Guess what, they're authors fall into the "sell out" category too.

Popularity frequently has more to do with good marketing than with quality.

"The music business is a cruel and shallow money trench, a long plastic hallway where thieves and pimps run free, and good men die like dogs. There's also a negative side." -- HST


   
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racetruck1
(@racetruck1)
Honorable Member
Joined: 17 years ago
Posts: 518
 

Funny, I remember a quote from Lars Ulrich from Metallica.
"Yeah,we sold out, every place we play!"

I heard the last Stones album and I was actually some what impressed. They haven't sounded this good in years.

I'm of the opinion that if all these "old timers" can still fill a venue and people still want to pay money to see them, great! If you don't want to see them then don't go. Personally, I remember seeing the Stones in 74 or 75 and saw them a few years ago and was really disappointed, I guess my expectations were a few years off. But, this last album, I really enjoyed. I also have a recording of "Bridge of Sighs" done by a really old looking Robin Trower that's amazing! (Guitar World, August 2006) If you get a chance, check it out.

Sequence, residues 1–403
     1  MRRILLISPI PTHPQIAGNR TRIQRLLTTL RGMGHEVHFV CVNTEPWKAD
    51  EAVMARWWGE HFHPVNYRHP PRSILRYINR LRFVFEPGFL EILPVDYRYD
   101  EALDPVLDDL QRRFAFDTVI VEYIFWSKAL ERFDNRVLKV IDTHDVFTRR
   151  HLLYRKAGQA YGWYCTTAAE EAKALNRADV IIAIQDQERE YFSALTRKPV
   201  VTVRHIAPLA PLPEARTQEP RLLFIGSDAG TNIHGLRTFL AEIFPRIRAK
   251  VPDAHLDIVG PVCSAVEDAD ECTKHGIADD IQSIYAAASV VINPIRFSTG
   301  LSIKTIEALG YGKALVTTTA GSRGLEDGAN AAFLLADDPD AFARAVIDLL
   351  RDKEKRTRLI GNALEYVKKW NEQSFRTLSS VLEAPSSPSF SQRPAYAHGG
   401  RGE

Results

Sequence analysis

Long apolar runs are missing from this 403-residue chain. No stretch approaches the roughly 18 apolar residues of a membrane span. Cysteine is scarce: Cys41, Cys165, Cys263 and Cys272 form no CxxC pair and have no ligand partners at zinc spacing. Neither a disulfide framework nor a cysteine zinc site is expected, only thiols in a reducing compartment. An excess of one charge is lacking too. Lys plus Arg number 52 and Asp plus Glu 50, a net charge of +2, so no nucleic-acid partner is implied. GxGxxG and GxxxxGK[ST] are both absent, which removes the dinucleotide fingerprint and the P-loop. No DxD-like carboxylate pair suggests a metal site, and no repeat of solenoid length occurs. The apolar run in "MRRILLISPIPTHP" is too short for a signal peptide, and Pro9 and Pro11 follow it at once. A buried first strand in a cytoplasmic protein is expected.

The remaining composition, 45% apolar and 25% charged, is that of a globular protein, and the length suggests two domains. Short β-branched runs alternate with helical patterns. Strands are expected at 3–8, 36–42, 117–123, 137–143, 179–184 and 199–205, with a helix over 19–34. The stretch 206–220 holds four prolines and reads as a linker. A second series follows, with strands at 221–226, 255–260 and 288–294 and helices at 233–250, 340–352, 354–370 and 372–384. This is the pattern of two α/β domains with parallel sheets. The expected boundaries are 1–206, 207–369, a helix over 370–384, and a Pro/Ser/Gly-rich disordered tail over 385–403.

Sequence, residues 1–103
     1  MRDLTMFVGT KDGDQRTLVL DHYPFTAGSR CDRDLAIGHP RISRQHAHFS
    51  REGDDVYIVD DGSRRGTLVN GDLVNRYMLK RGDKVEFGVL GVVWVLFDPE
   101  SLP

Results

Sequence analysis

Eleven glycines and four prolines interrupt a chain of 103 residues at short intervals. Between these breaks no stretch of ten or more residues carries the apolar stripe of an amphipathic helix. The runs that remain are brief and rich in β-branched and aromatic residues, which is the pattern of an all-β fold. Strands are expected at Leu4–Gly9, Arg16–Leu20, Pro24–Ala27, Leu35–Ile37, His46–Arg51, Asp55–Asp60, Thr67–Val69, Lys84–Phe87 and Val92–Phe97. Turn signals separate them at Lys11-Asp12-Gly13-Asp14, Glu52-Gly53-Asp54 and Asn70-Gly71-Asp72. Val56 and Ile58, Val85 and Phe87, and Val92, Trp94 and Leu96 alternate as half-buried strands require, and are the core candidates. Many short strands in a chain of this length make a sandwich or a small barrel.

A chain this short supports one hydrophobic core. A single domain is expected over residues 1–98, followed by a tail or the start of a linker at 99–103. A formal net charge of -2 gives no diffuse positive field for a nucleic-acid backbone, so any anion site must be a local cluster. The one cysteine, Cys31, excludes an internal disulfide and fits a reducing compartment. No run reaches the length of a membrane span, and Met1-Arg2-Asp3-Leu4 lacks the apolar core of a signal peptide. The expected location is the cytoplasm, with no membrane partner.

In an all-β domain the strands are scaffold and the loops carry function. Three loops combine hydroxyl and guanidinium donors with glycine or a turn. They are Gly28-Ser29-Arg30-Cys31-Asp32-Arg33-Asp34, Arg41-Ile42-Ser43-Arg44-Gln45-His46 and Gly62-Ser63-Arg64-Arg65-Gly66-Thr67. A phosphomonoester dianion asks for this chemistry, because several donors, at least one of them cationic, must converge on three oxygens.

Just remember, Age and treachery will always overcome youth and skill! 8) 8) :lol:

When I die, I want to go peacefully in my sleep like my grandfather, not screaming......
like the passengers in his car.


   
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Ignar Hillström
(@ignar-hillstrom)
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Joined: 20 years ago
Posts: 5349
 

Greybeard: Rio was a one of, and due to the nature of the area pretty impossible to compare with other places. It's not like a million people payed to see them, a million people were there in a close enoug proximity to be statistically a 'spectator'. Even though the vast majority would not have had any physical ability to perceive that performance in any way.